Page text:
The process I saw evolving in the Wolverhampton South West constituency of Enoch Powell in 1968 wasn’t the burgeoning of racist violence that he alluded to in his infamous Rivers of Blood speech, which he delivered that April 20th — fifty years ago. It was more the birth of homogeneity.
As a student I worked every Saturday on a poultry stall in Wolverhampton market, where Asian men requested their chickens “skinned and chopped,” more convenient for making curry. Local housewives who were next in line soon caught on, and those buying chicken for stewed dishes ordered their birds prepared the same way. I and my fellow, predominately white, students began to frequent a local Caribbean nightclub. It wasn’t long before the town’s music shops were stocking records by Jamaican bands to satisfy our demand for the reggae we’d been introduced to at the club. Enoch Powell was either ignorant of, or — more likely — purposely ignored, the willingness of the British native-born population to embrace attributes of different cultures landing in their midst.
As Robert Winder describes in his should-be-required-reading, ‘Bloody Immigrants, the story of immigration to Britain,’ by 1066 the majority of Britons were mongrels with some combination of Saxon, Roman, Jute, Mediterranean, and Scandinavian blood. Over the following decades, until the 1950s, Britain received frequent and varied arrivals from outside its shores. Norman conquerors, Walloon sailmakers, Huguenot weavers, Jewish deportees, African slave/servants, Irish labourers, European war refugees — all eventually absorbed. Admittedly, some were initially resented and reviled by segments of the ‘native’ population, but, once it became obvious they wanted nothing more than a peaceful and safe life for their families, they were accepted as useful members of British society, which profited by the addition of the labour and skills the newcomers supplied. And many aspects of their individual cultures — food, some words, arts, traditions — became part of British life, to the point were they were seen by subsequent generations, including Enoch Powell’s, as peculiarly British.
Powell was a remarkably well-educated and brilliant scholar. He couldn’t have been unaware of the waves of immigration throughout history. He must have known about the constant absorption of newcomers into British society. Also, he was disingenuous when he said in the Rivers of Blood speech that the rate of immigration in 1968 had “no parallel in a thousand years of English history.” Even Migration Watch UK, labelled by some as a Right Wing Pressure Group, describe immigration in comparison to native born population up until the 1990s as fairly consistent and, in their opinion, “sustainable and beneficial.” One can only conclude that he objected so vehemently to the latest wave of immigration because it consisted of people of colour.
Powell betrayed a glimmer of misguided understanding when he said, “Now, at all times, where there are marked physical differences, especially of colour, integration is difficult though, over a period, not impossible.” But he went on to negate this morsel of empathy when he condemned the Sikh community for their “campaign to maintain customs inappropriate in Britain.” From his time in India, Powell most certainly knew that the tenets of the Sikh religion were identical to Christianity when they talked about “leading a life of righteousness, and to make every deed and action true and honourable.” Hardly inappropriate to Britain. Perhaps he was alluding to the wearing of turbans by uniformed employees, a controversial issue at the time. But it wasn’t long before this was accepted as a harmless practice, at which nobody now raises an eyebrow.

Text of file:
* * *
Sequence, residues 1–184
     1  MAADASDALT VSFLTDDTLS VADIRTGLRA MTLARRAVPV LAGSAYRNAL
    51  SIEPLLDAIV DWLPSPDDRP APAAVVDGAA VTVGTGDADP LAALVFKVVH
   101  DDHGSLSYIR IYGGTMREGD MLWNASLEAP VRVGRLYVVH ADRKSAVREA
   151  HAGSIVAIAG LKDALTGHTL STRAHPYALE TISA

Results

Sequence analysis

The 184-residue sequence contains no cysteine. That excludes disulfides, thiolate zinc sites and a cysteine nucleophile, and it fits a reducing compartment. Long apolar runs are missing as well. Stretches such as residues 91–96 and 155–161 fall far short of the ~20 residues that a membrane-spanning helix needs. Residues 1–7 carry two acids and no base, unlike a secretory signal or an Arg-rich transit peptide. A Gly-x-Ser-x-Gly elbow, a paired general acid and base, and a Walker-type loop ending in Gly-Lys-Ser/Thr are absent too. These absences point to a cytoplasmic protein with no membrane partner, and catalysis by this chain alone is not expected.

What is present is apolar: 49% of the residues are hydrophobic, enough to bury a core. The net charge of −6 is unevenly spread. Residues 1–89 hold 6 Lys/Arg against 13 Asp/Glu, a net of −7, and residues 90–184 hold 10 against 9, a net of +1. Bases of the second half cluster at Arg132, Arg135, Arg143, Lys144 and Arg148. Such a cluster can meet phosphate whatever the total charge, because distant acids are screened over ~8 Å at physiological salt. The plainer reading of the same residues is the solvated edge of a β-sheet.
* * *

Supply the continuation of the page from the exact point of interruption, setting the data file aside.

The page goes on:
Powell also ‘fear mongered’ in the Rivers of Blood speech by dramatically exaggerating in people’s consciousness numbers of immigrants by alluding to quantities of “immigrant descendants,” by which, of course, he meant the children of people of colour. He didn’t take into account that it can take just one generation for immigrants, regardless of colour, to become as British as other native-born citizens. As witness, the two most recent MPs for Powell’s Wolverhampton constituency, both first-generation Britons. Paul Uppal is the child of Sikh immigrants and Eleanor Smith’s parents are African Caribbean.
If there were any “rivers foaming with much blood” in Britain in relation to Powell’s speech, they were as a direct result of his words, and not of the immigration he described. Statistics for racial hate crimes have only begun to be officially recorded in the last couple of decades, but, judging from anecdotes and media reports, they increased noticeably immediately following Powell’s Rivers of Blood speech. The following day, Wade Crooks, a man who Powell employed to clean the windows of his constituency office, was hosting a christening party for his grandson. Fourteen white youths appeared and asked Wade why he didn’t go back to his own country. When he didn’t reply one of them slashed his face.
Is it any wonder that during the Brexit debate, similar rhetoric by Nigel Farage and other Powell-worshipping politicians, who espouse his delusion of Britons’ inability to adapt to newcomers, resulted in an unprecedented spike in racially aggravated offences. See https://www.gov.uk/government/uploads/system/uploads/attachment_data/file/652136/hate-crime-1617-hosb1717.pdf However, the figures also show that six months later the incidence of racial hate crimes fell back to previous levels.
The apparent inability — or unwillingness — of some politicians to learn from history is astounding. Fortunately for the rest of us, who form history as much or more than anyone else, we have an innate ability to adapt and reinvent ourselves, regardless of government.